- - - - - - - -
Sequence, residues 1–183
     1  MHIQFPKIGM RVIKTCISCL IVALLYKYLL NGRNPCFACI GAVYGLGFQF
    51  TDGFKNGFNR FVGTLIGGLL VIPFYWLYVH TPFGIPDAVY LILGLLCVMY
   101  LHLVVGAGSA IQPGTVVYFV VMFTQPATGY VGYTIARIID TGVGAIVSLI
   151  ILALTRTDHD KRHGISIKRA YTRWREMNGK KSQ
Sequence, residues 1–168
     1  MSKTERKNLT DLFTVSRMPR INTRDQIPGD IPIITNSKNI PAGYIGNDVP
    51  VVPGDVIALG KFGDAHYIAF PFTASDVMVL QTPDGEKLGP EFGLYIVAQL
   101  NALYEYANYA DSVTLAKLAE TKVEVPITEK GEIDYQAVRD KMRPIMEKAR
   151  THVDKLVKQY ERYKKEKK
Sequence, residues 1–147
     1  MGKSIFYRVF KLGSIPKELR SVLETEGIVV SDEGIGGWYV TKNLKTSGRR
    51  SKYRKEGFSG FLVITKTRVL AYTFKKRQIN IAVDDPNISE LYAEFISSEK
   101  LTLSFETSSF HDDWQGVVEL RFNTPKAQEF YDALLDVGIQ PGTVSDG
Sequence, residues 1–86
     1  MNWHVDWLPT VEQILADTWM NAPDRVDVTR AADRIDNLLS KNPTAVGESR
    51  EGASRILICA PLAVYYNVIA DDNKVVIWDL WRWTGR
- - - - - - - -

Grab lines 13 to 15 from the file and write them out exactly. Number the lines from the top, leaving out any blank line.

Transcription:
    51  SKYRKEGFSG FLVITKTRVL AYTFKKRQIN IAVDDPNISE LYAEFISSEK
   101  LTLSFETSSF HDDWQGVVEL RFNTPKAQEF YDALLDVGIQ PGTVSDG
Sequence, residues 1–86